Mrs. McWhorter retired and Carlton Jackson was hired to take her place as District Superintendent of Schools.
Through the fine cooperation of parents, teachers, students and the help of the P.T.A., many fine social events took place all through the years.
In 1958 the City of Elmira and the Southport School District #3 voted to consolidate. This was the end of all one-room country schools and all other schools in the outlying towns east, west and south of Elmira. All this area became known as the "Elmira City School District". Many buses had to be purchased so as to transport all these children from outlying districts.
In time, many of the teachers retired. As new teachers and principals were hired at Coldbrook Park School, it was always a fine neighborhood school.
Five principals guided this neighborhood school for fifty-one years:
Mrs. Eloise D. Grace 1924 – 1964
Mr. John Goodwin 1964 – 1965
Mrs. Betty (Lesser) Hydak 1965 – 1968
Dr. Issiah Reid 1968 – 1970
Mr. Charles Paternoster 1970 – 1975
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The Elmira City School District Board of Education voted to close Coldbrook Park School in June of 1975. Teachers, students and parents were all very disappointed that the doors were to be closed on the excellent neighborhood school. At least "all" had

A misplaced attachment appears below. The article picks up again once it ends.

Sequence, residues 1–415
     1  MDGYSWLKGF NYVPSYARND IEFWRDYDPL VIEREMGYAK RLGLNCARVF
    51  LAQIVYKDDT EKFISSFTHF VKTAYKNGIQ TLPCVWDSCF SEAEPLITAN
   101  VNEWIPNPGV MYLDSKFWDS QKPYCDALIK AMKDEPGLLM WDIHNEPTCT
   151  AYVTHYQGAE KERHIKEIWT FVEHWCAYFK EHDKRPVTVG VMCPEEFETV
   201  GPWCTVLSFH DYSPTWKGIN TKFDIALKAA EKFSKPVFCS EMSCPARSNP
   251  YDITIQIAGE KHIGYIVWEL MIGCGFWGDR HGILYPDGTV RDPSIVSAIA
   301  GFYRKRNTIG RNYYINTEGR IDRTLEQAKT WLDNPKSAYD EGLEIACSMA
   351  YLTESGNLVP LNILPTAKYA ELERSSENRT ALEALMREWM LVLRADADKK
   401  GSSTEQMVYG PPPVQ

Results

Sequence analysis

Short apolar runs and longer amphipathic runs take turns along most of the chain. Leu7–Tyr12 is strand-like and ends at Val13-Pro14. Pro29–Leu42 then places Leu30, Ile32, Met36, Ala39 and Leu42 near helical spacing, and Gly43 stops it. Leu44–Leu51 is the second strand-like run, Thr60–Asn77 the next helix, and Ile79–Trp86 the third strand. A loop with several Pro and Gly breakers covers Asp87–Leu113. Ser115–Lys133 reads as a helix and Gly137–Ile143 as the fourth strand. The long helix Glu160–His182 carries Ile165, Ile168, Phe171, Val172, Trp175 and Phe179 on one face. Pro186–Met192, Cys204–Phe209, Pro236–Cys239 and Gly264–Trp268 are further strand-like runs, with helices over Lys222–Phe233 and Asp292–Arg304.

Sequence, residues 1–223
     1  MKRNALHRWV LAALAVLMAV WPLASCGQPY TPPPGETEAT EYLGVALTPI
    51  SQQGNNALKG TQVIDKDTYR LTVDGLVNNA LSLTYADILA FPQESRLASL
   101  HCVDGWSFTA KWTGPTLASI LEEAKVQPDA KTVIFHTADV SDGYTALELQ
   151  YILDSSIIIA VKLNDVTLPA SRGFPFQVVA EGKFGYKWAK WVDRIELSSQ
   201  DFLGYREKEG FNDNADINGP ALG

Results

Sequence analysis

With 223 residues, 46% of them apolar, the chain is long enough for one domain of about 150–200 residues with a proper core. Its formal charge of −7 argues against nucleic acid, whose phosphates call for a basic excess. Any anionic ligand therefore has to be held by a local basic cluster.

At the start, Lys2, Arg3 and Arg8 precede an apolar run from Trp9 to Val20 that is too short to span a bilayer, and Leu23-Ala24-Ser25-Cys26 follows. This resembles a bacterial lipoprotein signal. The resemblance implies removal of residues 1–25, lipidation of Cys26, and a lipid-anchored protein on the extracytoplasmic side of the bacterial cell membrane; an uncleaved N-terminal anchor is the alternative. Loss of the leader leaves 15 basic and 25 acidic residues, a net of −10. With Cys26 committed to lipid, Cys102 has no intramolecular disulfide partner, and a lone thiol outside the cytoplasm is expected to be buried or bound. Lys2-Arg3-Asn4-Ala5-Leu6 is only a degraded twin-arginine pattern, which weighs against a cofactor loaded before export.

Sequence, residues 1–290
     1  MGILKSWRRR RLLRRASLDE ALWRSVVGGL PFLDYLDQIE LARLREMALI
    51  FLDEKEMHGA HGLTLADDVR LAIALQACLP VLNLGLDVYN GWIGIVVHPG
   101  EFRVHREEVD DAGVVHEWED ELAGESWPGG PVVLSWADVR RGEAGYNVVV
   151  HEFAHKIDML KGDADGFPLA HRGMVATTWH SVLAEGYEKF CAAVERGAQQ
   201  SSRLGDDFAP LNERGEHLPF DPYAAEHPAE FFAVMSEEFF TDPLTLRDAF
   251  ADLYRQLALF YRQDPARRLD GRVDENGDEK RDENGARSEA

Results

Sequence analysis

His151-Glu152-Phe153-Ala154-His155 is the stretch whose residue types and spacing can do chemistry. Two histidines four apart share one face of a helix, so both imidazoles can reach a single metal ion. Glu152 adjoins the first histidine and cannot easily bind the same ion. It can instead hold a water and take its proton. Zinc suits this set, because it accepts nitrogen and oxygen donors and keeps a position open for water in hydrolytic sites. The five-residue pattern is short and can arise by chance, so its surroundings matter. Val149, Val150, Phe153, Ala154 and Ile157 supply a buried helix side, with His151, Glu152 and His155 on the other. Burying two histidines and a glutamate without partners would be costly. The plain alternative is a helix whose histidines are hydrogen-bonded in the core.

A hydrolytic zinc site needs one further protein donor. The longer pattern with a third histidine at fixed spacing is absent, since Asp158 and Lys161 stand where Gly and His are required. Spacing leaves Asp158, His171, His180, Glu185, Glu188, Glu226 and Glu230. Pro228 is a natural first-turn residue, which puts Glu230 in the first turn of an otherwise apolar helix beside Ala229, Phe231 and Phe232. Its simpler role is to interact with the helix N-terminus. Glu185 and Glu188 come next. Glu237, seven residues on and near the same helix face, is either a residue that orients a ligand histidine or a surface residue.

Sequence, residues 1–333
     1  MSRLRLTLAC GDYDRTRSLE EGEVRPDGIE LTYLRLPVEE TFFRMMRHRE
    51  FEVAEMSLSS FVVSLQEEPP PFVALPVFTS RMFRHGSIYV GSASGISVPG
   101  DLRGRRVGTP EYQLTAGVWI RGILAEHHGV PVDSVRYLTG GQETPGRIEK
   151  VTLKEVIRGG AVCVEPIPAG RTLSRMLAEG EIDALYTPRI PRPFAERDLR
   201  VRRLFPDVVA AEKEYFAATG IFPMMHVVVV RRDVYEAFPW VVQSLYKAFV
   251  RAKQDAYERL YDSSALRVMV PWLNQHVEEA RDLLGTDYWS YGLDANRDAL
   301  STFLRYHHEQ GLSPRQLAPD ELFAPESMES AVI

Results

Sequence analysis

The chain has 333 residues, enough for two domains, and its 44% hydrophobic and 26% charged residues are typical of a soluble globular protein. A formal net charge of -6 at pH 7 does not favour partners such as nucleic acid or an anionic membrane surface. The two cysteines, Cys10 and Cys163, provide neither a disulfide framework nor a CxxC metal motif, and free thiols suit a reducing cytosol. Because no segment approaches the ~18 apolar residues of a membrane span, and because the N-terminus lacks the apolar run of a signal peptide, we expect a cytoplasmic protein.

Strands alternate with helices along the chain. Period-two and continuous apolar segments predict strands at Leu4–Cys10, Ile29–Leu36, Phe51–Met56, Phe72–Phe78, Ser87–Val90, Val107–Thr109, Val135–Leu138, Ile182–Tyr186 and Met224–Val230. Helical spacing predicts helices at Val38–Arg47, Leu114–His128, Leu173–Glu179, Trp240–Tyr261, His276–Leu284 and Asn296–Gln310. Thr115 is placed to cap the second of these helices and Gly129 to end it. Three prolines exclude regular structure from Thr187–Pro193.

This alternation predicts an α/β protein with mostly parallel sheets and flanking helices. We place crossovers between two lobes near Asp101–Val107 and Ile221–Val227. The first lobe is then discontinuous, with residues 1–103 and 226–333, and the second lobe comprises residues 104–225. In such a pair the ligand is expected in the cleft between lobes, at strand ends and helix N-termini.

Happy memories as the principal and faculty were one of the finest.
As of now, the school has not been utilized. It stands as a memory to teachers who taught there and children who attended the school.
Article written by Marjorie H. Park, February 1978
Submitted to the Southport Town Historian, Nelda Holton
Retyped by Southport Town Historian, Virginia McElroy August 2002.
|I believe Bill told me this bell was on the desk of principal, Ms. Grace|
|This is named Eloise's 6th grade but no date or names. It is from Cold Brook Park School.|
|This photo was embedded in a Word document, hence the bad format conversion, and is just called Cold Brook Park school - no date or labels. It appears to be same photo as the one preveiusly sent in for 1939.1939 Class Photo|